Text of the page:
Chhattisgarh is open to peace talks with Maoist guerrillas if they shun violence, Chief Minister Raman Singh has said.
"Leftist insurgency is an inter-state problem as the militants have terror network in 13 states and peace talks by any single state will not solve the problem," the chief minister said in an interview.
"But Chhattisgarh will not mind holding discussion with the rebels if they express keen interest to bring peace and return to democracy," Raman Singh said.
"It's solely the responsibility of the Indian government to engage in peace dialogue with the Maoists rather than individual states getting involved.
"I always prefer dialogue but it is necessary that rebels too should come to the discussion table with a lust for peace."
Chhattisgarh is one of India's worst hit states by Maoist violence that has raged since breaking out in West Bengal three decades ago.
Raman Singh added that normally the guerrillas used peace periods to consolidate their bases, citing the case of Andhra Pradesh.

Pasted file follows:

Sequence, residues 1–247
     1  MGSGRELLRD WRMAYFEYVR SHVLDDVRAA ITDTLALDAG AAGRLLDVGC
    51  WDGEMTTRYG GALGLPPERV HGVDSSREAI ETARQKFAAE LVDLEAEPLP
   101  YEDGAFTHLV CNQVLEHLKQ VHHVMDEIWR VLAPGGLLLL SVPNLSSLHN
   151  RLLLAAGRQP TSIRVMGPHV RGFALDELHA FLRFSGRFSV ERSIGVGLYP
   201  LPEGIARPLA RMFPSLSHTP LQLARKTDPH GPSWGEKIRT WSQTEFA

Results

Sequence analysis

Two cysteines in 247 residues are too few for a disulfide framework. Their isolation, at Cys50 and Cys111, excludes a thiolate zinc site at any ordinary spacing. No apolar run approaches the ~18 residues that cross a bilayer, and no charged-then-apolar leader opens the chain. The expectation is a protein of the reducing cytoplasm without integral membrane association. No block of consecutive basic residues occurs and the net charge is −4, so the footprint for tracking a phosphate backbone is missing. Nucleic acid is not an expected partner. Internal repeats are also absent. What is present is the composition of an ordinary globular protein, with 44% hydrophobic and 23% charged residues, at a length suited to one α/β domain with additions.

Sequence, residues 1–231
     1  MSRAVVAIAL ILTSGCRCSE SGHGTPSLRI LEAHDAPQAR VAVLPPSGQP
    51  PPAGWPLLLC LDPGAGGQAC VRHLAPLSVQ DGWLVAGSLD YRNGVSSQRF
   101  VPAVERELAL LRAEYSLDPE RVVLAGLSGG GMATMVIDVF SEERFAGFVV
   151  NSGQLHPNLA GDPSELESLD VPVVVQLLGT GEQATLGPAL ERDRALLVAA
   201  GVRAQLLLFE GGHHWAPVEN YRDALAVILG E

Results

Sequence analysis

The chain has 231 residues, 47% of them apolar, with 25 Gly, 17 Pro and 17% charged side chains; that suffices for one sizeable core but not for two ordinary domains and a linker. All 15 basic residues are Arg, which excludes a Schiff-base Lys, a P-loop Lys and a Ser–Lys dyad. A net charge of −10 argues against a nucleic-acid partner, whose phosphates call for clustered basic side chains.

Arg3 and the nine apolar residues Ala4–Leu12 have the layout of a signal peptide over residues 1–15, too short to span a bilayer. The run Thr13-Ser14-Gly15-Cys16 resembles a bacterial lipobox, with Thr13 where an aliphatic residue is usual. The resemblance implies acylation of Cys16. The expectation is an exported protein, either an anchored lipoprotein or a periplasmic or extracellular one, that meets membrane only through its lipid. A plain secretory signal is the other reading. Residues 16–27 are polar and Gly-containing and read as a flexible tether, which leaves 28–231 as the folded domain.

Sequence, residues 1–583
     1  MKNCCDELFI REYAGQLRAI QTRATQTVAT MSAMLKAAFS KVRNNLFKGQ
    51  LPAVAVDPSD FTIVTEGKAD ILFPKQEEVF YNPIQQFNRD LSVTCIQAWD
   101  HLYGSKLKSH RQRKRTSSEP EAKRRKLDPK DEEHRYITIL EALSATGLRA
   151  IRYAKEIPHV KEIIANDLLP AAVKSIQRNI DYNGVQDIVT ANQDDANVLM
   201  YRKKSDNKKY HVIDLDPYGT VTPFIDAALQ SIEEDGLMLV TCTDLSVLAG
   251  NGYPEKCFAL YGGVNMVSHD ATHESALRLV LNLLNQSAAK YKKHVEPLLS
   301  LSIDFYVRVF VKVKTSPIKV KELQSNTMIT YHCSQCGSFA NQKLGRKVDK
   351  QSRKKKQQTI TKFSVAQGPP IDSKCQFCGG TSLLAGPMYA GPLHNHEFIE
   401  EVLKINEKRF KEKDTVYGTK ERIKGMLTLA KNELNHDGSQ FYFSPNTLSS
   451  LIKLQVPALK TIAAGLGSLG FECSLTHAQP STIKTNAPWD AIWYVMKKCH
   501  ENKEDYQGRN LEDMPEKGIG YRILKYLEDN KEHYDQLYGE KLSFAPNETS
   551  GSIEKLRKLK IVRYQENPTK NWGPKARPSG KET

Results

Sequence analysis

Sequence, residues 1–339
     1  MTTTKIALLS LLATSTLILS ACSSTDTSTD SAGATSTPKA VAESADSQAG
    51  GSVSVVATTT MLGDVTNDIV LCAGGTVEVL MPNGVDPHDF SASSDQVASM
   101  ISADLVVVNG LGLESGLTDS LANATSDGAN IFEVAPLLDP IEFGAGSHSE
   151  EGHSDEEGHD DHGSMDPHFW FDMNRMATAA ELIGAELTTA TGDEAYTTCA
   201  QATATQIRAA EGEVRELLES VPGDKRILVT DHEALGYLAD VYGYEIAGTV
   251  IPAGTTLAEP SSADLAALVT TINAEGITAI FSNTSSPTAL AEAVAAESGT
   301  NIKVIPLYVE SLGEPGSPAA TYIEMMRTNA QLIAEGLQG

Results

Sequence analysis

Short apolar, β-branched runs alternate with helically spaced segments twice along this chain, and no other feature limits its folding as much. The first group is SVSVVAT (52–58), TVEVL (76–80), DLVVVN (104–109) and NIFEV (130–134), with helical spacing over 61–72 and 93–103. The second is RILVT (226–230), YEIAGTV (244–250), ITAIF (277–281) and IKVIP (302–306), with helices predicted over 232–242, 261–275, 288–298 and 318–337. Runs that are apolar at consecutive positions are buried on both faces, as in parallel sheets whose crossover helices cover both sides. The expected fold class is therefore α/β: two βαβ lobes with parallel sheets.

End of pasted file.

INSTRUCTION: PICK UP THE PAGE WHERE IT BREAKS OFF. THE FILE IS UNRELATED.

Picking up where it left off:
Raman Singh, who sworn in December 2003 as chief minister of a Bharatiya Janata Party (BJP) government, said a civil militia movement (Salwa Judum) that emerged in June 2005 against the rebels was picking up.
"Salwa Judum is on the right track and the movement has cornered the Maoists in some 40,000 sq km of hilly terrain of Bastar region," he said.
"Salwa Judum is a spontaneous outburst of tribals who have suffered Maoist atrocities for three decades. It will finish them off."
Since the launch of Salwa Judum, about 50,000 tribals from 600 forested villages have left their villages due to threats from Maoists and have settled in a dozen government-run heavily-guarded relief camps in Dantewada district.
Police say about 400 people, including 321 civilians, have been killed in Maoist violence since January in Chhattisgarh.